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© The Author(s) 2018. Published by Oxford University Press on behalf of The Gerontological Society of America. All rights reserved. For permissions, please e-mail: journals.permissions@oup.com.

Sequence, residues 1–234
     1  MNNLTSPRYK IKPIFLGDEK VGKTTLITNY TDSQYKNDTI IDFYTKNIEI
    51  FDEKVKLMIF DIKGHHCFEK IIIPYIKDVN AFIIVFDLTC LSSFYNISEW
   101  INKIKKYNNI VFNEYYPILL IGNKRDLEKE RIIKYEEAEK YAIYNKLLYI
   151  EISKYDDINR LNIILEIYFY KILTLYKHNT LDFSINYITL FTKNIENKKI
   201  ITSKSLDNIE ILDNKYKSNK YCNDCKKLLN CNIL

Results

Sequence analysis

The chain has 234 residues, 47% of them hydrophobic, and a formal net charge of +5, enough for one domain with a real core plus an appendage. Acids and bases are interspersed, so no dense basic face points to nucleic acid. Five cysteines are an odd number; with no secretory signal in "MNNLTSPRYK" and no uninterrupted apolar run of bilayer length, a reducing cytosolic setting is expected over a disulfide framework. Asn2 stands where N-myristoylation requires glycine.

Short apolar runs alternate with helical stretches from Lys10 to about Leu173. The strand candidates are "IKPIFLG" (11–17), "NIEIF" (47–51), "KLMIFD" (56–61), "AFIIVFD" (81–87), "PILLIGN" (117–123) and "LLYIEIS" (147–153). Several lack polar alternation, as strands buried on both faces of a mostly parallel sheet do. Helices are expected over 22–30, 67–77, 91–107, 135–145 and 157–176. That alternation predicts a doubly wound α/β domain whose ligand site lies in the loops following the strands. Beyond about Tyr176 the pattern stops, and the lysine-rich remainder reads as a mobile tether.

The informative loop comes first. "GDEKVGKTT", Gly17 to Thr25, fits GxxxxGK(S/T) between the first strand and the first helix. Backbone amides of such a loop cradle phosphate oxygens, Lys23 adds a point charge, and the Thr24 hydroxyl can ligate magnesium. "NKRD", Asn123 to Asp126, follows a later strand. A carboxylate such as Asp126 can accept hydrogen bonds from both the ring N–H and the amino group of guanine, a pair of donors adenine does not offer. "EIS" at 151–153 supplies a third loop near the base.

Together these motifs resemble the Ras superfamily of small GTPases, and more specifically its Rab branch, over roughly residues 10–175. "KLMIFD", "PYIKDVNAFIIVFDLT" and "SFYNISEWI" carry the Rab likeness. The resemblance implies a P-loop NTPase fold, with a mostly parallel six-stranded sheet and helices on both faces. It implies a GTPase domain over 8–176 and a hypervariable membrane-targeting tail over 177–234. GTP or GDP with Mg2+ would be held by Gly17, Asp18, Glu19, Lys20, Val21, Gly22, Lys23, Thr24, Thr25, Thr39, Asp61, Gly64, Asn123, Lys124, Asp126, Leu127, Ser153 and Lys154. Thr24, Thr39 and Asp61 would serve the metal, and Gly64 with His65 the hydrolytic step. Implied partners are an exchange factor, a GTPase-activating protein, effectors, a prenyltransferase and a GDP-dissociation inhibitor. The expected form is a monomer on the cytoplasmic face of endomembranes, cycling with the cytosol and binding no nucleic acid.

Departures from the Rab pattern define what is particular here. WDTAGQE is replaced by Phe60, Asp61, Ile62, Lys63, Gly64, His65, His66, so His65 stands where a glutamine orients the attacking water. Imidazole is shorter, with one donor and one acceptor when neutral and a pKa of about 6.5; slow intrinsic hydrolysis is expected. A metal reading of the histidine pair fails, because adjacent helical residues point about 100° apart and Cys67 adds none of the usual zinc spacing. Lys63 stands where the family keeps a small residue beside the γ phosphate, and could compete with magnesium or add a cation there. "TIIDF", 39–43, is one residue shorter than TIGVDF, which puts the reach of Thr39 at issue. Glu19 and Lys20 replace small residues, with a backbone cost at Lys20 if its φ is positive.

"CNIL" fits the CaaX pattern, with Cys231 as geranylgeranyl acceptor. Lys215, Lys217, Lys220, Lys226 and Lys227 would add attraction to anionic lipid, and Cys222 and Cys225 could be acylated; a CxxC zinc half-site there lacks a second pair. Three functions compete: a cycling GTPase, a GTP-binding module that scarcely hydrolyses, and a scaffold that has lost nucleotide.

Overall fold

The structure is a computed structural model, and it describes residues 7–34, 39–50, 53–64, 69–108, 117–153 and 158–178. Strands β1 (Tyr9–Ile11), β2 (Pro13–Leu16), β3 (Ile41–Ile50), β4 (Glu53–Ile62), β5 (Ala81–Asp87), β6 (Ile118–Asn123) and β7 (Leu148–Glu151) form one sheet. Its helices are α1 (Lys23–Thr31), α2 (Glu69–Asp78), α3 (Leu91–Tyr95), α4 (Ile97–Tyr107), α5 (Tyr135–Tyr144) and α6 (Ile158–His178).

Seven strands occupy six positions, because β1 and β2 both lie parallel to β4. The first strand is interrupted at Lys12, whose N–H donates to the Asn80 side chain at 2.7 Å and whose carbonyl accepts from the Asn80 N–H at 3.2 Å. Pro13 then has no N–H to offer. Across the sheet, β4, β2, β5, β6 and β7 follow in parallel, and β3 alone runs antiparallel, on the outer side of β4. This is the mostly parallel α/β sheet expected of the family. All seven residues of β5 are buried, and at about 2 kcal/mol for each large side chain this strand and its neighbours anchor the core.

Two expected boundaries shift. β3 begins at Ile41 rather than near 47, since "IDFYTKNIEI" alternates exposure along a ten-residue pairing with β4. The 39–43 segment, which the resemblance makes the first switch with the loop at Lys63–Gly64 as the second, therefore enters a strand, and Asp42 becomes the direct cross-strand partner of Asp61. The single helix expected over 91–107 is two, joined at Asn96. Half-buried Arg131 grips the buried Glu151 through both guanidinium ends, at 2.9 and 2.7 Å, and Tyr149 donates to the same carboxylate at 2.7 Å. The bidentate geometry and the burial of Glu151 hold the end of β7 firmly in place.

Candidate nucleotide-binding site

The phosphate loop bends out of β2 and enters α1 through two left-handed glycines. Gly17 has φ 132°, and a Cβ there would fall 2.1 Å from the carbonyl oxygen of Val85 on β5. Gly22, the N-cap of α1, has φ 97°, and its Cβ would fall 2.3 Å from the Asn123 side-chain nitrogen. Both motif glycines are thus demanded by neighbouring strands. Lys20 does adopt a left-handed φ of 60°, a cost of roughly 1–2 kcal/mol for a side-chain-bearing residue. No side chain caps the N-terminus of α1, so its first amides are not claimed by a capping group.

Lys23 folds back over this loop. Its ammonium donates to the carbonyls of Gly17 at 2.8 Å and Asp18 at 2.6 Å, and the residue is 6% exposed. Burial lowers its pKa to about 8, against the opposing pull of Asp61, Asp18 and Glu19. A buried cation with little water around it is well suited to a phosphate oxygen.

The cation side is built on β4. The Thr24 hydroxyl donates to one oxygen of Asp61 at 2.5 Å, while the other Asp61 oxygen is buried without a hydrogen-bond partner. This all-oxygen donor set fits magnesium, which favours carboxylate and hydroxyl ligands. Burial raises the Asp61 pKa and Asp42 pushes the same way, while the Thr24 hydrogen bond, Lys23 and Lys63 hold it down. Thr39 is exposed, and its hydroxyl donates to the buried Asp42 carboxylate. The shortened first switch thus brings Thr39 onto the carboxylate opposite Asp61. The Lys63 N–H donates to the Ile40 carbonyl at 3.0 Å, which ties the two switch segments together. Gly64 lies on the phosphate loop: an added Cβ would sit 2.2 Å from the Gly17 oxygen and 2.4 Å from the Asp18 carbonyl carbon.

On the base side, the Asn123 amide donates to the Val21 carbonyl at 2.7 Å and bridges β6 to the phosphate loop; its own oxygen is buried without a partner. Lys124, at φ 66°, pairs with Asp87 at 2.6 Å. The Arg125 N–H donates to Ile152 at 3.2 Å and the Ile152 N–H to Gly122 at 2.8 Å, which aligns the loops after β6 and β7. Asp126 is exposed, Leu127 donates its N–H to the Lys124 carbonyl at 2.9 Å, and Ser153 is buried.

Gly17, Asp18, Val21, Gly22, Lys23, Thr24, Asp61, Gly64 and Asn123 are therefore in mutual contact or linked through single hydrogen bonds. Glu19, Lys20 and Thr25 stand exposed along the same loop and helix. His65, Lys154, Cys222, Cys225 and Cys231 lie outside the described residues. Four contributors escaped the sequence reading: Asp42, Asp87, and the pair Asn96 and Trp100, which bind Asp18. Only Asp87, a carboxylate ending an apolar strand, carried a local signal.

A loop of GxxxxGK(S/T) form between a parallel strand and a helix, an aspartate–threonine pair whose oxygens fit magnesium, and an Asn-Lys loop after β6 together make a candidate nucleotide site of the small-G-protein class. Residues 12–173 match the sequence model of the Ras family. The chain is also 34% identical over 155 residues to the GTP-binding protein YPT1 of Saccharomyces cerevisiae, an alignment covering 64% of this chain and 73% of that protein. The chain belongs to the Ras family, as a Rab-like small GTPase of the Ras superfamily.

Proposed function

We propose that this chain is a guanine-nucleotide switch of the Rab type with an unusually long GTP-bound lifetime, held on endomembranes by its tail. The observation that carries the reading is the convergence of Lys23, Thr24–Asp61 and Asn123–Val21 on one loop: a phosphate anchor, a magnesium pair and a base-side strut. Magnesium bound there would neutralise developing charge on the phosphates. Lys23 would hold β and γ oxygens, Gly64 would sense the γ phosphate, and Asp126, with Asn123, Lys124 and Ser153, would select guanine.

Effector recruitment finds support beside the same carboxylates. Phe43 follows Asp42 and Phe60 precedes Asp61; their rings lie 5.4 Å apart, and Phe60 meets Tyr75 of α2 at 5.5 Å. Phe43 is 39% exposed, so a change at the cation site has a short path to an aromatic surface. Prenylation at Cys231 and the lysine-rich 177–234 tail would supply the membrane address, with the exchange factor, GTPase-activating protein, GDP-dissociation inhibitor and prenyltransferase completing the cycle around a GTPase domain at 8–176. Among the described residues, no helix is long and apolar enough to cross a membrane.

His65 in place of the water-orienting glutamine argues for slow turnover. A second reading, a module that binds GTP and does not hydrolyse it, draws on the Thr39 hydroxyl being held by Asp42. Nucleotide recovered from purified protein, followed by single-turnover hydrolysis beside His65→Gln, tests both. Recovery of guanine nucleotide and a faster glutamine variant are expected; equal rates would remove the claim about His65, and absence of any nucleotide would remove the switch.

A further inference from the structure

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Abstract